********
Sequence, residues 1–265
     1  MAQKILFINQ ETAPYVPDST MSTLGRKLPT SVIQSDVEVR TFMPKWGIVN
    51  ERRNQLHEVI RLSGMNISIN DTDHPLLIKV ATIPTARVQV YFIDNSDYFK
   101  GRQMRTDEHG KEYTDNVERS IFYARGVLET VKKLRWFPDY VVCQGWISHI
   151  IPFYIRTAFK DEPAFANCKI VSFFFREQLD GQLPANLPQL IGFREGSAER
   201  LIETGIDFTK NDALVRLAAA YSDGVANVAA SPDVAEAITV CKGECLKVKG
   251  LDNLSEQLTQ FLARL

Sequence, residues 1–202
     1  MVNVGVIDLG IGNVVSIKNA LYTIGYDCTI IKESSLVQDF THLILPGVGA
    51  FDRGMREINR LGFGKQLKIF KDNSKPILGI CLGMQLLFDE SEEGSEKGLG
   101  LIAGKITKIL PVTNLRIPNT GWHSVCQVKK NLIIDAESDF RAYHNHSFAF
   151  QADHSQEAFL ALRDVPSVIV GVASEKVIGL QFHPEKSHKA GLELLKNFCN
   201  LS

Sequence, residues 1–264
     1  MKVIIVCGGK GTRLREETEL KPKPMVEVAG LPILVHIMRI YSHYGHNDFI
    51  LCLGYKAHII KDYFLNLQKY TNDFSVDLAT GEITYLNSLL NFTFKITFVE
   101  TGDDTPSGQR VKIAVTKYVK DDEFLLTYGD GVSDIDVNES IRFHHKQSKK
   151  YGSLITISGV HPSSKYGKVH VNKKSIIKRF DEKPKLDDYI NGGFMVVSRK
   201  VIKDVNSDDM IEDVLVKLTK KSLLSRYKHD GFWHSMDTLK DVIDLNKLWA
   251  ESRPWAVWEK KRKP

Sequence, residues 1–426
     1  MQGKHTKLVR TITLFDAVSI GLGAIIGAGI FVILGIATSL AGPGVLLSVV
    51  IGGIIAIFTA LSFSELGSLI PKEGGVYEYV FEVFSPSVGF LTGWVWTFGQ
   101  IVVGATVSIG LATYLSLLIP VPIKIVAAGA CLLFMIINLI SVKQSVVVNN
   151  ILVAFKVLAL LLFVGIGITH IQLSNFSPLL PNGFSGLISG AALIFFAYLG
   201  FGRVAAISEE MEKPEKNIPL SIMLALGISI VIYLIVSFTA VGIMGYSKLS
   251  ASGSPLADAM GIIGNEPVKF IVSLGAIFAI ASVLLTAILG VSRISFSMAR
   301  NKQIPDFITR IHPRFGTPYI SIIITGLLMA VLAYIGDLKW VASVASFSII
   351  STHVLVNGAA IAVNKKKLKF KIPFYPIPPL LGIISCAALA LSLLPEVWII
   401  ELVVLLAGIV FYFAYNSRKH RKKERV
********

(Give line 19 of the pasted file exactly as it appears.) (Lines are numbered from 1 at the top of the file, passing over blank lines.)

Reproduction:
   201  VIKDVNSDDM IEDVLVKLTK KSLLSRYKHD GFWHSMDTLK DVIDLNKLWA